Jay Lehman was the kind of man that you might meet only once in a lifetime. He embodied the very values of the community in which he was born, lived, and worked.
Jay died recently at age 91. He was the founder of the old-time general store Lehman’s in Kidron, Ohio. I was fortunate to have known him as both a friend and a business leader. Scores of others can say the same thing about Jay.
That, however, is what impressed me so much about the man. We weren’t close as friends go, and we didn’t run in the same social circles. And, yet, whenever he saw me, he always went out of his way to call me by name, say hello, shake my hand firmly, and ask how I was doing. Jay was a good listener.
I got to know Jay the best through a cooperative marketing group that I facilitated. The original group included six Amish country, family-owned and operated businesses with a single location. Lehman’s was a founding member.
Jay started his little hardware and household goods business in 1955 at the crossroads of his rural hometown village. His original purpose provided necessary lifestyle items for the Amish community that surrounded Kidron.
Over time, the store’s purpose ironically flipped, becoming more of a tourist destination in Amish country. Jay embraced that change without losing sight or letting go of his and the community’s core values.
Faith, family, community, and a strong work ethic fulfilled humbly reflected not only the area’s priorities but Jay’s, too. Jay modeled those qualities in his personal and business life. That’s what made both Jay and his company tick.
In that success, Jay honored those values. He lived his faith by supporting the church and charities that he cherished. Even in a crowd of hundreds at statewide church conferences, Jay would acknowledge people by name and ask how they were doing. It might have been years since he had seen them. He understood the worth of healthy relationships.
That, in part, is what drew folks to Jay. He possessed a quiet, confident demeanor, and yet humility formed the mantle of his character. Even Lehman’s tagline reflects that concept: “For a simpler life.”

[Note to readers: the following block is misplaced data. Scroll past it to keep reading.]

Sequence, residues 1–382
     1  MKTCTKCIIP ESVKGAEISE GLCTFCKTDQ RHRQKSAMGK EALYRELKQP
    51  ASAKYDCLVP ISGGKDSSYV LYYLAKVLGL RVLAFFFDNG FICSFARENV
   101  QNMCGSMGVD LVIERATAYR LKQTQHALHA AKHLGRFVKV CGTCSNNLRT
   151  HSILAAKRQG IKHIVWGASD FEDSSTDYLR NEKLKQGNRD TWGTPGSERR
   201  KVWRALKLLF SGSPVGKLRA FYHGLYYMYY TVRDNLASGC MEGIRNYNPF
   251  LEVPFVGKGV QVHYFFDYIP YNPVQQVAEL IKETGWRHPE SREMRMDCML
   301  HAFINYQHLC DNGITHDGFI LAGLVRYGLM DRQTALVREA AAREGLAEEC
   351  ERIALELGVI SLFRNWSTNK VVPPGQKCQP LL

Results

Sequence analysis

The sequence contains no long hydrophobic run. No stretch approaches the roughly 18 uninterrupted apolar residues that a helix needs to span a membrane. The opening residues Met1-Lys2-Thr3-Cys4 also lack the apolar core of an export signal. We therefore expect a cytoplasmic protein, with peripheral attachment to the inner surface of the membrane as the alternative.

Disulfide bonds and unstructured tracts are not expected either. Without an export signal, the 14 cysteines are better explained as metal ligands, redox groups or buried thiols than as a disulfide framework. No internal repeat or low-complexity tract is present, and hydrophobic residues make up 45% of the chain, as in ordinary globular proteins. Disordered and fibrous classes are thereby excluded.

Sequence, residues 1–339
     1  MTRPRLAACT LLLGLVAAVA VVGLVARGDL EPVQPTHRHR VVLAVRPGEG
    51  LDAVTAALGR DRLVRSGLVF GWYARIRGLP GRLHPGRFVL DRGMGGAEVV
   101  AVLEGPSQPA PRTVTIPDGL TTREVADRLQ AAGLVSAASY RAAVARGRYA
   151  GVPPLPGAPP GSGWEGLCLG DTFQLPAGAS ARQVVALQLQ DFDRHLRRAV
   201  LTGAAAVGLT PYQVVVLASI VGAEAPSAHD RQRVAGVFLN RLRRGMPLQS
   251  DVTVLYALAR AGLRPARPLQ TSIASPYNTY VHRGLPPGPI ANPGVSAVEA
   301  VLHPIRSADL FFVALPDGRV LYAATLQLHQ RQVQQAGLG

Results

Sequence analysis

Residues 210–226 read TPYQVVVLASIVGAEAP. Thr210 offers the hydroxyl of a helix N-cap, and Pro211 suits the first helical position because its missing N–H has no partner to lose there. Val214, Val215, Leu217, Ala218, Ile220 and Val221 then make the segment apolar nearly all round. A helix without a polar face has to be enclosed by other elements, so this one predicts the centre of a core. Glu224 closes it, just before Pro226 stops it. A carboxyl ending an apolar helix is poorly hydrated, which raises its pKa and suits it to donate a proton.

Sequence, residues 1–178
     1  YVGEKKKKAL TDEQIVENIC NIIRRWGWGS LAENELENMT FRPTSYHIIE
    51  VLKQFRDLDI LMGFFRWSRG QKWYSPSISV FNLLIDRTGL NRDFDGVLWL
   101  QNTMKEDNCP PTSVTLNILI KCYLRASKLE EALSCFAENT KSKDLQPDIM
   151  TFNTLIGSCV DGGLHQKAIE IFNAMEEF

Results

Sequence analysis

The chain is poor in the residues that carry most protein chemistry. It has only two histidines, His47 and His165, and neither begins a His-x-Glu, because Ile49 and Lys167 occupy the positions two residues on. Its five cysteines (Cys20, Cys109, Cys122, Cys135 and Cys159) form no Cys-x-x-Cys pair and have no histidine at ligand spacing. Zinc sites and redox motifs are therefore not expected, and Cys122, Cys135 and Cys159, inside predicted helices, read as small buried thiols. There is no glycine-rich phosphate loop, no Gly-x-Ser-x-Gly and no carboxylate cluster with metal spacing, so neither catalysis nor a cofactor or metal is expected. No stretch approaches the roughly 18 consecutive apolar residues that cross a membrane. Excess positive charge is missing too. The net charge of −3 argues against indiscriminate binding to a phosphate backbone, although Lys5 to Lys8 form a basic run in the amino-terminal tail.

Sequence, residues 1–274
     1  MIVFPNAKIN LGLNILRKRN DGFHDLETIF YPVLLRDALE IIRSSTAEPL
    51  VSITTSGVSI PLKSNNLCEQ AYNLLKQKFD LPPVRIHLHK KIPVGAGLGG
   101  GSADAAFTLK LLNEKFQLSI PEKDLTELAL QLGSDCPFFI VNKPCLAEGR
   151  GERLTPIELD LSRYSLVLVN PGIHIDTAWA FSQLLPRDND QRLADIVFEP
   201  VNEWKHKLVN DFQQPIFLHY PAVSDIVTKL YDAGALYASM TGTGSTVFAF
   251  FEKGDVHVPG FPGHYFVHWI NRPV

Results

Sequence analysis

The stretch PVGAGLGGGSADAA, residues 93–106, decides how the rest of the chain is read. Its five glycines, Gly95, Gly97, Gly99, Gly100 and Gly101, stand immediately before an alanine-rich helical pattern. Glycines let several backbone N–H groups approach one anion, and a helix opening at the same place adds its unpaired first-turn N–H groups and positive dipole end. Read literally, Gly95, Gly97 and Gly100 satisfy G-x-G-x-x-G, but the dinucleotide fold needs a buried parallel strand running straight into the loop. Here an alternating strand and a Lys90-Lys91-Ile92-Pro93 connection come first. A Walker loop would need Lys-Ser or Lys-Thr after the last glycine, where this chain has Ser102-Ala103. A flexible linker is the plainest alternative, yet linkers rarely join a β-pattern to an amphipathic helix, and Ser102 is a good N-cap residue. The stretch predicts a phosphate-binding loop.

Jay saw the future in the past. He preserved anything of locally historical value for posterity and education. A walk through the store reveals hundreds of antique relics that would have been lost were it not for Jay’s foresight. If you want, you can have lunch at Lehman’s while sitting in the old town jail.
Jay enjoyed the simple life, but he certainly was not a simple man. He loved a good “Rook” game with friends and family as much as he enjoyed traveling. Future generations were as vital to him as his Swiss ancestors, which he revered.
As the company grew and expanded, family members, friends from church and community joined in to help him run the store. When he reached retirement age, he passed the leadership on to the next generation. But he continued to be a dynamic presence at Lehman’s.
It was a joy to watch customers recognize Jay as he strolled around his much-expanded corner store. He was the living icon of Lehman’s, now an international business.
Jay’s legacy will live on through his successful entrepreneurship and his lifetime of kindness and generosity. Living those essential core values shaped that legacy.
His was a compassionate life. Jay lived not just for himself, but for all whom he so tenderly touched far beyond the little town of Kidron, Ohio.
© Bruce Stambaugh 2020